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J. Clin. Med. 2019, 8(10), 1738; https://doi.org/10.3390/jcm8101738

Article
Effects of Osteopathic Visceral Treatment in Patients with Gastroesophageal Reflux: A Randomized Controlled Trial
1
Escuela de Osteopatía de Madrid, 28002 Madrid, Spain
2
Department of Physiotherapy, Universidad Camilo José Cela, 28692 Madrid, Spain
3
Department of Health Science, Public University of Navarra, 31006 Pamplona, Spain
4
IdiSNA, Navarra Institute for Health Research, 31008 Pamplona, Spain
5
Instituto de Investigación Sanitaria Aragón, Universidad de Zaragoza, 50009 Zaragoza, Spain
6
Department of Physiotherapy, Universidad de Sevilla, 41004 Sevilla, Spain
*
Author to whom correspondence should be addressed.
Received: 21 August 2019 / Accepted: 17 October 2019 / Published: 19 October 2019

Abstract

:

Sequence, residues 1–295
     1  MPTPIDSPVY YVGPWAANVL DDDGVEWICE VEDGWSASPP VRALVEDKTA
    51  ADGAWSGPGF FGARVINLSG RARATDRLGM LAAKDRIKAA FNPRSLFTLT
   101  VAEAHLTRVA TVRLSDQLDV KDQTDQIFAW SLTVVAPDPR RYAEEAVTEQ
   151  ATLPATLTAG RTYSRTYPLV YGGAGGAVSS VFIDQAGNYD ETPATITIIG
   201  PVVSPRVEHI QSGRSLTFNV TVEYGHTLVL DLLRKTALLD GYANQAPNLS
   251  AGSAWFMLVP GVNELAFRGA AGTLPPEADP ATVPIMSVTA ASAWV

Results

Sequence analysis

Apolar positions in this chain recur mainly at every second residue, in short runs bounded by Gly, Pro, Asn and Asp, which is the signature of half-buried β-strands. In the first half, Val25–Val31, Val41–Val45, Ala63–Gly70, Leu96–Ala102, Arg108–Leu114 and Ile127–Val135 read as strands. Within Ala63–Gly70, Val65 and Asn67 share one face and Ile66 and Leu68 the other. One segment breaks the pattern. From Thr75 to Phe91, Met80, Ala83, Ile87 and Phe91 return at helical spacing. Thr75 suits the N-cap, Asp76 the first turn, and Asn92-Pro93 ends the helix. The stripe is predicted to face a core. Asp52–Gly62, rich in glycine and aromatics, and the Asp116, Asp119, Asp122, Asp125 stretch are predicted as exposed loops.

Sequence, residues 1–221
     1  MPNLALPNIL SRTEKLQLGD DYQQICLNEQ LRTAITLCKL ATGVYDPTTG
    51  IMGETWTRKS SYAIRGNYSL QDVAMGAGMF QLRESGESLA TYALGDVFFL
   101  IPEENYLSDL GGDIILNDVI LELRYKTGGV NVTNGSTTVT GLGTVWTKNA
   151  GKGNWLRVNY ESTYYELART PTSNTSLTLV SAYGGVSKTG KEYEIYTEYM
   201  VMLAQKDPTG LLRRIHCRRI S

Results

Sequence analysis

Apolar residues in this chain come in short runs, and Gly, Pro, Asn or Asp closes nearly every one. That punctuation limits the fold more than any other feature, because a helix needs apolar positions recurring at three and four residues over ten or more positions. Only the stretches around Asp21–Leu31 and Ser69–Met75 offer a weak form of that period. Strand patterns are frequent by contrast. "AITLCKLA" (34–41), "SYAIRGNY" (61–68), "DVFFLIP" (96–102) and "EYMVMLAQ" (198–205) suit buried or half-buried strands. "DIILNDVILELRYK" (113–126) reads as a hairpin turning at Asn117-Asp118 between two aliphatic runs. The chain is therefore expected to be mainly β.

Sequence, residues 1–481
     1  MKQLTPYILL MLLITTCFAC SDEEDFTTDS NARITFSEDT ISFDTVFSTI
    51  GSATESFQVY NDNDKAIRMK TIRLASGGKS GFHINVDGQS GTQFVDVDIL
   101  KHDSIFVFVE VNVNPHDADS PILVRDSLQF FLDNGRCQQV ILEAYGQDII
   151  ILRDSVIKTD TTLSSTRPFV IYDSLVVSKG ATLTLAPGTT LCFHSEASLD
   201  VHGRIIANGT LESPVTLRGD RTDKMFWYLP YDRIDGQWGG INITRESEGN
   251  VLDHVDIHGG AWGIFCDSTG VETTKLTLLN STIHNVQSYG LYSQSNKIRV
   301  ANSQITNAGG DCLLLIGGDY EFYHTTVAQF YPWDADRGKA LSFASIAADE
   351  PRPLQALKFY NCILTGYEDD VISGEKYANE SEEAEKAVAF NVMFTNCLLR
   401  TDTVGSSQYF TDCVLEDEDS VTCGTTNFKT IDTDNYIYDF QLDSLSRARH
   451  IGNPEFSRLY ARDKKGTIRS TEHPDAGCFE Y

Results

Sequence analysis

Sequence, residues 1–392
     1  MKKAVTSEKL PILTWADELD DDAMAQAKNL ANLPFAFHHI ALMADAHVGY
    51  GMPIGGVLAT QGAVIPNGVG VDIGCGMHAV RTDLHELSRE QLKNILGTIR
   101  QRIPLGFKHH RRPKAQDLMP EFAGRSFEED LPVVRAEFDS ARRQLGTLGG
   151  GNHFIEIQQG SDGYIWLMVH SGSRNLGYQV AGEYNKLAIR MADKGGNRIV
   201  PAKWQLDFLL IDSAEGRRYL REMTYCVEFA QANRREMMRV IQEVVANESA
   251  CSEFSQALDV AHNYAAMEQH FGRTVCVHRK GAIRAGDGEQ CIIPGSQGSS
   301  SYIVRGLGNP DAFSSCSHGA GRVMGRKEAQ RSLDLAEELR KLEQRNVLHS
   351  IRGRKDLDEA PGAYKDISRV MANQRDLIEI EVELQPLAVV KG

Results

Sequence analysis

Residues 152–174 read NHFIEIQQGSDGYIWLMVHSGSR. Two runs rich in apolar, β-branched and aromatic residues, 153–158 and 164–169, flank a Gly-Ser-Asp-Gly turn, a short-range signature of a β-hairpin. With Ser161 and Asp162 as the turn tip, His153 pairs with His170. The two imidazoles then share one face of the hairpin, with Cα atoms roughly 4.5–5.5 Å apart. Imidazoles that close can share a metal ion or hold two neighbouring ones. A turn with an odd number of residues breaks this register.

Osteopathic manual treatment has been recommended as a non-pharmacological therapy for Gastroesophageal Reflux Disease (GERD). However, to date, no study has supported the effectiveness of this intervention with respect to the symptoms of the disease. Our goal was to assess the effect of an osteopathic manual technique for the lower esophageal sphincter on GERD symptoms, cervical mobility and on the C4 spinous process pressure pain threshold (PPTs). Methods: A randomized, double-blind placebo-controlled trial was performed. Sixty subjects suffering from GERD participated in this study and were randomly assigned to either an experimental group (EG) (n = 29), who received the osteopathic technique for the lower esophageal sphincter, or to a control group (CG) (n = 31), who received a manual contact, which mimicked the osteopathic technique without exerting any therapeutic force. Randomization was computer-generated, with allocation concealed by sequentially numbered, opaque, sealed envelopes. The GerdQ questionnaire was used to assess symptom changes the week after intervention. Cervical Range of Motion (CROM) and algometer were used to evaluate cervical mobility and PPTs before and after both treatments. Before–after between groups comparison (t-test) was used for statistical analysis of the outcome, with two measurement points (GerdQ), while repeated-measures ANOVA was used for those outcomes with four measurement points (CROM and PPT). Results: The application of the osteopathic manual treatment in subjects with GERD produced a significant improvement in symptoms one week after the intervention (p = 0.005) with a between-groups difference of 1.49 points in GerdQ score (95% CI: 0.47–2.49). PPT C4 improved in the EG after the treatment (p = 0.034; η2 = 0.048) (between-groups difference 8.78 Newton/cm2; 95% CI: 0.48–17.09). CROM also increased in the EG compared to the CG (p < 0.001; η2 = 0.108) (between-groups difference 33.89 degrees; 95% CI: 15.17–52.61). Conclusions: The manual osteopathic technique produces an improvement in GERD symptoms one week after treatment, cervical mobility, and PPTs. This may mean that osteopathic treatment is useful for improving symptoms of GERD.